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Author Simon
Title Governing Through Crime : How the War on Crime Transformed American Democracy and Created a Culture of Fear
Imprint Cary : Oxford University Press USA - OSO, 2007
book jacket
Descript 1 online resource (341 pages)
text txt rdacontent
computer c rdamedia
online resource cr rdacarrier
Series Studies in Crime and Public Policy Ser
Studies in Crime and Public Policy Ser
Note Intro -- Contents -- Introduction: Crime and American Governance -- 1 Power, Authority, and Criminal Law -- 2 "Prosecutor-in-Chief": Executive Authority and the War on Crime -- 3 We the Victims: Fearing Crime and Making Law -- 4 Judgment and Distrust: The Jurisprudence of Crime and the Decline of Judicial Governance -- 5 Project Exile: Race, the War on Crime, and Mass Imprisonment -- 6 Crime Families: Governing Domestic Relations Through Crime -- 7 Safe Schools: Reforming Education Through Crime -- 8 Penalty Box: Crime, Victimization, and Punishment in the Deregulated Workplace -- 9 Wars of Governance: From Cancer to Crime to Terror -- Notes -- References -- Index -- A -- B -- C -- D -- E -- F -- G -- H -- I -- J -- K -- L -- M -- N -- O -- P -- R -- S -- T -- U -- V -- W -- Y -- Z
Across America today gated communities sprawl out from urban centers, employers enforce mandatory drug testing, and schools screen students with metal detectors. Social problems ranging from welfare dependency to educational inequality have been reconceptualized as crimes, with an attendantfocus on assigning fault and imposing consequences. Even before the recent terrorist attacks, non-citizen residents had become subject to an increasingly harsh regime of detention and deportation, and prospective employees subjected to background checks. How and when did our everyday world becomedominated by fear, every citizen treated as a potential criminal?In this startlingly original work, Jonathan Simon traces this pattern back to the collapse of the New Deal approach to governing during the 1960s when declining confidence in expert-guided government policies sent political leaders searching for new models of governance. The War on Crime offered aready solution to their problem: politicians set agendas by drawing analogies to crime and redefined the ideal citizen as a crime victim, one whose vulnerabilities opened the door to overweening government intervention. By the 1980s, this transformation of the core powers of government had spilledover into the institutions that govern daily life. Soon our schools, our families, our workplaces, and our residential communities were being governed through crime.This powerful work concludes with a call for passive citizens to become engaged partners in the management of risk and the treatment of social ills. Only by coming together to produce security, can we free ourselves from a logic of domination by others, and from the fear that currently rules oureveryday life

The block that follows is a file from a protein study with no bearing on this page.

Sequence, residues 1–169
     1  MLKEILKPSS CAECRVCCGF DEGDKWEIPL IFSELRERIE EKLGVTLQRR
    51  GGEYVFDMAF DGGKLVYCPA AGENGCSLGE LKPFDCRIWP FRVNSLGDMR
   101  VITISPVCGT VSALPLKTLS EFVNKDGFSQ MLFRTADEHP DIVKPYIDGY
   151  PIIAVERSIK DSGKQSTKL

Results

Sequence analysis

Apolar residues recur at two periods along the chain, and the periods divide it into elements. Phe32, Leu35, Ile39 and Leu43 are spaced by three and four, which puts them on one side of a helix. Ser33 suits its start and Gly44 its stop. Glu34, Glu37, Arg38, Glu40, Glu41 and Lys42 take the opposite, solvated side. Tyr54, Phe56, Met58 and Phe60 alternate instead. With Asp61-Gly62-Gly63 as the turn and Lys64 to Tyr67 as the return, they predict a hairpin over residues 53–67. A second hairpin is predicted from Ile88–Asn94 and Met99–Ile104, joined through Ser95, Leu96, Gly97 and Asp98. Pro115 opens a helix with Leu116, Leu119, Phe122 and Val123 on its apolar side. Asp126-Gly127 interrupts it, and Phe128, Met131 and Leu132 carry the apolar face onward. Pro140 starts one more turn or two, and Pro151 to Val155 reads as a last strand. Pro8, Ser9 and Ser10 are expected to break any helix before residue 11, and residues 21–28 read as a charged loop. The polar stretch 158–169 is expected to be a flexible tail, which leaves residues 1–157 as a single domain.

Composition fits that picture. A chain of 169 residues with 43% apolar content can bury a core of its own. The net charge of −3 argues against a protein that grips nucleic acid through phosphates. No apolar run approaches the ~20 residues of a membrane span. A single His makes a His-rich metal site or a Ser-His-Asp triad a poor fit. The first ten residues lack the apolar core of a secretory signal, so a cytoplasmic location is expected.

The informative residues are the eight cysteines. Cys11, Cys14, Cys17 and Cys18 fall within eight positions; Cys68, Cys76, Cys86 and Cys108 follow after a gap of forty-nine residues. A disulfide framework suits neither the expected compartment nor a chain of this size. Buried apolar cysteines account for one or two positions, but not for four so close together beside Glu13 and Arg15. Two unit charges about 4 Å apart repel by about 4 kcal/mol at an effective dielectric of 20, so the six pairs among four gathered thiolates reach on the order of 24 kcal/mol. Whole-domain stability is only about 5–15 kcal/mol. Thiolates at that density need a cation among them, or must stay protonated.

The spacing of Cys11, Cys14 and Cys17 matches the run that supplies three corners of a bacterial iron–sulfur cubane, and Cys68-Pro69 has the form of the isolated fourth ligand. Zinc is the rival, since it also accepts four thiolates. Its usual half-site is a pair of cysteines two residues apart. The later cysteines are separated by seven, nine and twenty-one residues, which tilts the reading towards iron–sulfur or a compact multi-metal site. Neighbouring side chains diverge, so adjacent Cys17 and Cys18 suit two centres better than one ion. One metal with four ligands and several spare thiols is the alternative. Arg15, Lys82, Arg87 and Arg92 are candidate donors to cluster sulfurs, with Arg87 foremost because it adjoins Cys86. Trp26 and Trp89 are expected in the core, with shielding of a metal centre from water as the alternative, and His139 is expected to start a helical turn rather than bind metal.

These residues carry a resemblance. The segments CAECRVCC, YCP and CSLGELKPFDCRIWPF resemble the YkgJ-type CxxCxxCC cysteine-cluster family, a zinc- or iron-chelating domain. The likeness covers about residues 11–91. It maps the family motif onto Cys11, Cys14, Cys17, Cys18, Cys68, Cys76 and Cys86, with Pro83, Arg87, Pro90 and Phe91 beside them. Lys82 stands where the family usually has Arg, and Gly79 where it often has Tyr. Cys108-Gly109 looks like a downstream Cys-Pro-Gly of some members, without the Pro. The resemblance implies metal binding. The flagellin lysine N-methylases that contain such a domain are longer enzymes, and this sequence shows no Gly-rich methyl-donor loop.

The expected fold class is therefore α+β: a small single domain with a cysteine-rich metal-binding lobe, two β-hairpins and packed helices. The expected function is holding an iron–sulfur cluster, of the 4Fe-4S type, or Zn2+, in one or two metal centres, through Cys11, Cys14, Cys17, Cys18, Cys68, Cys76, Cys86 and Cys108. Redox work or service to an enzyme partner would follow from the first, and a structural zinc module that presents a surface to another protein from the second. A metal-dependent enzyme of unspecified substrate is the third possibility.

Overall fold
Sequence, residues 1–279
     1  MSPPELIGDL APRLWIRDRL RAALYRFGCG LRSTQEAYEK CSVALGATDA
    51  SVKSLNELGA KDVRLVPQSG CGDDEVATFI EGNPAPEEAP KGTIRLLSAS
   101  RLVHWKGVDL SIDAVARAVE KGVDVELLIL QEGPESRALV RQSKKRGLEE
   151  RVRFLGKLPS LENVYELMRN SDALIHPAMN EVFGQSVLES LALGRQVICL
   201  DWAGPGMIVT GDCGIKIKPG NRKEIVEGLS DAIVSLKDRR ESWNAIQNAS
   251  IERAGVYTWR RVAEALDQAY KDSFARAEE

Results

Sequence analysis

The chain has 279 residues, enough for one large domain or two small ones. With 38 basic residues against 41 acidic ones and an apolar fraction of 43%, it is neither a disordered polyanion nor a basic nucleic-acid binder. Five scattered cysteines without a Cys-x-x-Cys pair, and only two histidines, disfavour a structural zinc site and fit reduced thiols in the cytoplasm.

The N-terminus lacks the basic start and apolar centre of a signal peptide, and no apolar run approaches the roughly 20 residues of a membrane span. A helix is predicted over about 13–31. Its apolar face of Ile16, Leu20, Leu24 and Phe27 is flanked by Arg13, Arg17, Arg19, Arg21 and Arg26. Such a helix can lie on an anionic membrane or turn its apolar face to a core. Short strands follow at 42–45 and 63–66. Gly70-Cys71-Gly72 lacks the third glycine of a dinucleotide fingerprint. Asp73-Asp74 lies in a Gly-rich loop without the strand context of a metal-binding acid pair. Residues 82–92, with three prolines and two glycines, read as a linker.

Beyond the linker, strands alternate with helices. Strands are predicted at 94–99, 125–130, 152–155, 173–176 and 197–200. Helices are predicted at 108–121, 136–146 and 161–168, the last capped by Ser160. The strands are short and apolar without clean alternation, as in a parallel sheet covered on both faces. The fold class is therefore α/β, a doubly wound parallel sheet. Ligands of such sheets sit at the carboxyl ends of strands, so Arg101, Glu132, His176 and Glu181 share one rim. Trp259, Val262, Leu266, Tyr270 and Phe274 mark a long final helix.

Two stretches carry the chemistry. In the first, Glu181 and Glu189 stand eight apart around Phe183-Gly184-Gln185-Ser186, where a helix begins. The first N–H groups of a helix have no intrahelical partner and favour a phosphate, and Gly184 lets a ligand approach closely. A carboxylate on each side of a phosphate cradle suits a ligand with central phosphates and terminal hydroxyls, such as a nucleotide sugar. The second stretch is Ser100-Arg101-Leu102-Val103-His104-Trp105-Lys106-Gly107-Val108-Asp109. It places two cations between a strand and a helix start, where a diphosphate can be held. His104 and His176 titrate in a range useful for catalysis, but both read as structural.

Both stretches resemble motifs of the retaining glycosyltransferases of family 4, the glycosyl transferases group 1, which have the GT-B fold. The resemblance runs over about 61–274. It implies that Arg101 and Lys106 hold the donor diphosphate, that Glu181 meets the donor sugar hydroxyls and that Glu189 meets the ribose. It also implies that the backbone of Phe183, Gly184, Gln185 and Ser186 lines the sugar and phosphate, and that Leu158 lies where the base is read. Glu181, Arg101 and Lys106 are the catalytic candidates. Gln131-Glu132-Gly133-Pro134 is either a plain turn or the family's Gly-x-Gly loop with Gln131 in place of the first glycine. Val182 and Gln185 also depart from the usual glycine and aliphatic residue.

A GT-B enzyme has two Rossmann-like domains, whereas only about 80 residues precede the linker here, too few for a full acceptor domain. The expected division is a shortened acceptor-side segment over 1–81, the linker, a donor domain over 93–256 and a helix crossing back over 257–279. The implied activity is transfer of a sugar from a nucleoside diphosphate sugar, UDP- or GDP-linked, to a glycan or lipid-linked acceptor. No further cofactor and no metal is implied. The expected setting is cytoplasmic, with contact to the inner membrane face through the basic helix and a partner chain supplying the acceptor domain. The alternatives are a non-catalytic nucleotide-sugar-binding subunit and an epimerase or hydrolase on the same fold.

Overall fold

Description based on publisher supplied metadata and other sources
Electronic reproduction. Ann Arbor, Michigan : ProQuest Ebook Central, 2020. Available via World Wide Web. Access may be limited to ProQuest Ebook Central affiliated libraries
Link Print version: Simon Governing Through Crime : How the War on Crime Transformed American Democracy and Created a Culture of Fear Cary : Oxford University Press USA - OSO,c2007 9780195181081
Subject Crime -- Political aspects -- United States -- History -- 20th century.;Criminal justice, Administration of -- Political aspects -- United States -- History -- 20th century.;Crime prevention -- Political aspects -- United States -- History -- 20th century
Electronic books
Alt Author Simon, Jonathan
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